Agapetes

Agapetes repens
ERICACEAE, The Heath family

This evergreen shrub with a trailing habit is my favorite thing in the shade house right now. It was grown for us by the brilliant folks at Xera. It would look great in a hanging basket or sprawling over a rock wall. The new growth is colored, and will stay that way if it’s planted in the sun, but it probably prefers a semi shaded location and can tolerate full shade. It’s hardy in zone (8?) 9-10 and has average water needs.

The pretty tube-shaped flowers have a chevron pattern on the fused red petals. (You know I’m a sucker for the geometric petal patterns.) Hummingbirds like it. There is also a white form, plus many other species out there, though this is one of the hardiest. I was first introduced to this genus when I saw a really fabulous shrub in the botanical garden in Vienna.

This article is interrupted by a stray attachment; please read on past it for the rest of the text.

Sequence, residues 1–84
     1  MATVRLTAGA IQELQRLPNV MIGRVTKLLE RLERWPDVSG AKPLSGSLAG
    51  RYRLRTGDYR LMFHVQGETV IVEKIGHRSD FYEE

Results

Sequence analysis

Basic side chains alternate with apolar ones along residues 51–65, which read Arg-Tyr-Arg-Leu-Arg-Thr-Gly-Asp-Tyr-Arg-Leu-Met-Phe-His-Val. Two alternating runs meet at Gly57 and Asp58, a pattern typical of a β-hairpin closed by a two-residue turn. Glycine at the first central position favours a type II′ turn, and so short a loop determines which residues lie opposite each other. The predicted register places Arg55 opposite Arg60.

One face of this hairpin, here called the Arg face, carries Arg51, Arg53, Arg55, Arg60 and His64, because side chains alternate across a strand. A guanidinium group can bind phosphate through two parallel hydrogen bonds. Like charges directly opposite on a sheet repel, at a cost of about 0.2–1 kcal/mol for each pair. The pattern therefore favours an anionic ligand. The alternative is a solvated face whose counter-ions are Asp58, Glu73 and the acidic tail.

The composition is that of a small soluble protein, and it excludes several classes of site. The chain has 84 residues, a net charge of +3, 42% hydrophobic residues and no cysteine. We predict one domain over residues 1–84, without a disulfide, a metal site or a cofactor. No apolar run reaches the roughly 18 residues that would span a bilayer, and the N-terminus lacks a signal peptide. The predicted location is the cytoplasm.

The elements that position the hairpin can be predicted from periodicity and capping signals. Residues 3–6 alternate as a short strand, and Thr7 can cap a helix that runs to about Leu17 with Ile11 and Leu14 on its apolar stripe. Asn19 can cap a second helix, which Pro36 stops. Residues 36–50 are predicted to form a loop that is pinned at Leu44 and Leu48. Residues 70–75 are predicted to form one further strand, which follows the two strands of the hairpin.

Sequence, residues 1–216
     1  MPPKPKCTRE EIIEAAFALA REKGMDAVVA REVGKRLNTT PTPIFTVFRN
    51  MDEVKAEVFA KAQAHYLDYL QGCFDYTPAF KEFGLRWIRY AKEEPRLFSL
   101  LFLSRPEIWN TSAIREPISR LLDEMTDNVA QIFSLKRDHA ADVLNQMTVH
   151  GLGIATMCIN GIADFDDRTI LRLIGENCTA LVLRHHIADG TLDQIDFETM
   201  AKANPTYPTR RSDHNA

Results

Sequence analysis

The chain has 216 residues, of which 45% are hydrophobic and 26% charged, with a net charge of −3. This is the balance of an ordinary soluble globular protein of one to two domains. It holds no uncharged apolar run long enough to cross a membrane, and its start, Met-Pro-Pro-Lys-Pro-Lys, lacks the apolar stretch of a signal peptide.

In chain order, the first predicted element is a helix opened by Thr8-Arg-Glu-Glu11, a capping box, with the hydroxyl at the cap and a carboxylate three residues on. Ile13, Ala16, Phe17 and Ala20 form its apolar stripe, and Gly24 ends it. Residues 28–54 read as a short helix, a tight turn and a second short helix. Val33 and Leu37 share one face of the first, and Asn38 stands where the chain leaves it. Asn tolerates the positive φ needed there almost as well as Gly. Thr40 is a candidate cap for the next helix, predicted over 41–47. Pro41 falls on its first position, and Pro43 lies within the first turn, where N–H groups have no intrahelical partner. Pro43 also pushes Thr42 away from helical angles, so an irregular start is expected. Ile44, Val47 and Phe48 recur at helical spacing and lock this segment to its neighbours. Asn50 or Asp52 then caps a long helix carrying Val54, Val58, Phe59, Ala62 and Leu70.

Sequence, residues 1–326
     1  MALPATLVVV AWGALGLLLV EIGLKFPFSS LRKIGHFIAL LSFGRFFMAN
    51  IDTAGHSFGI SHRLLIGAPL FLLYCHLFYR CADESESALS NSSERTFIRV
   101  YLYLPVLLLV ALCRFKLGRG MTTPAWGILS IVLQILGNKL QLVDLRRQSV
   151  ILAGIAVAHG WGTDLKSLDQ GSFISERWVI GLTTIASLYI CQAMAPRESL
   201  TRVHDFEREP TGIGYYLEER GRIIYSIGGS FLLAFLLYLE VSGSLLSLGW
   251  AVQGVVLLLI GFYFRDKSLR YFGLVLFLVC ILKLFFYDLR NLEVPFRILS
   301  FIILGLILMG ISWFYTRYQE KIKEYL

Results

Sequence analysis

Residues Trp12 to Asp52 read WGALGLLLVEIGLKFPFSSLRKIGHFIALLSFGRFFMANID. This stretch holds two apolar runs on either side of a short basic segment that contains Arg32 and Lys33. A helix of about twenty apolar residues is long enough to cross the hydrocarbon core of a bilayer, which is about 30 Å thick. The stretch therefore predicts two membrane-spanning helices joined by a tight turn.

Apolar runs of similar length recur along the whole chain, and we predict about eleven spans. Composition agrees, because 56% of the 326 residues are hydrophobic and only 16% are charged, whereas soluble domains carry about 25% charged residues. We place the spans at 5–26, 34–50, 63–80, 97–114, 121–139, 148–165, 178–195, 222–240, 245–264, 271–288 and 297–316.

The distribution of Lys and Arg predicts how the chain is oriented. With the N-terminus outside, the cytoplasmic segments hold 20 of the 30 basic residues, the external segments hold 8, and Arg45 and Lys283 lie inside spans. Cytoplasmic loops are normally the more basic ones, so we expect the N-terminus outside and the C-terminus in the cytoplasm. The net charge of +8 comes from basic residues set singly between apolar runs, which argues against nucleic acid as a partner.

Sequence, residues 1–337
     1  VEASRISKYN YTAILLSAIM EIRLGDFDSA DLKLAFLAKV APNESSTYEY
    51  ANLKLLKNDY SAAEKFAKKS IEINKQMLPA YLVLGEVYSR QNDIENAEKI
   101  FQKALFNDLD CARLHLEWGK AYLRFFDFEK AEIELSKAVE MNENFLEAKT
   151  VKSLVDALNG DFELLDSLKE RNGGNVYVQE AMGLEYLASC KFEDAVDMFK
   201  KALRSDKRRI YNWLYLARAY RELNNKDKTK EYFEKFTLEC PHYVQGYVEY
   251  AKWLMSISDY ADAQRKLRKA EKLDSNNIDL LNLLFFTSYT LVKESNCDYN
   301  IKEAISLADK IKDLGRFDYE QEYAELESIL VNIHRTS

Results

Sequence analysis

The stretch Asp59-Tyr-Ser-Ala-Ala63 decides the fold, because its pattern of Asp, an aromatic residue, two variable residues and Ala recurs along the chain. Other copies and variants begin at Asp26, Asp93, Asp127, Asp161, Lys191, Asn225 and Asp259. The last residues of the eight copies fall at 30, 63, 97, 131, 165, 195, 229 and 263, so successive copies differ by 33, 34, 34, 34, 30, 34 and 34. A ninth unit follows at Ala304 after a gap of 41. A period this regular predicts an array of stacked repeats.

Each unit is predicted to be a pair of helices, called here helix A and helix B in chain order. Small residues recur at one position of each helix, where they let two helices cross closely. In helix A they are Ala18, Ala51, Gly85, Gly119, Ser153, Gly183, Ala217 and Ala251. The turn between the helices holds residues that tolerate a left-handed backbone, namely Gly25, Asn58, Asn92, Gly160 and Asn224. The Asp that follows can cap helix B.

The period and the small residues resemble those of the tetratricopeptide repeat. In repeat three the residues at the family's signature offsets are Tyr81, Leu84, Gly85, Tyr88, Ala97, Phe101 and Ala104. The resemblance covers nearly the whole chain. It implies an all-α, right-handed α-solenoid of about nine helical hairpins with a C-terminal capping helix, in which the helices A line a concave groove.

Agapetes (say ‘Ag-a-PEET-eez’) is native to Nepal. The name is from the Greek Agapetos, which means desirable or beloved. Why? It’s so charming and interesting and beautiful. The specific epithet refers to its wavy, serpent-like branching habit.

About Mulysa

I love my work as a landscape designer and artist. When I'm not planning homesteads or working in the studio, you'll find me hiking, photographing, gardening, baking, cooking vegetarian meals with friends, reading and working on sustainability issues...with my baby on my hip in Portland, Oregon.
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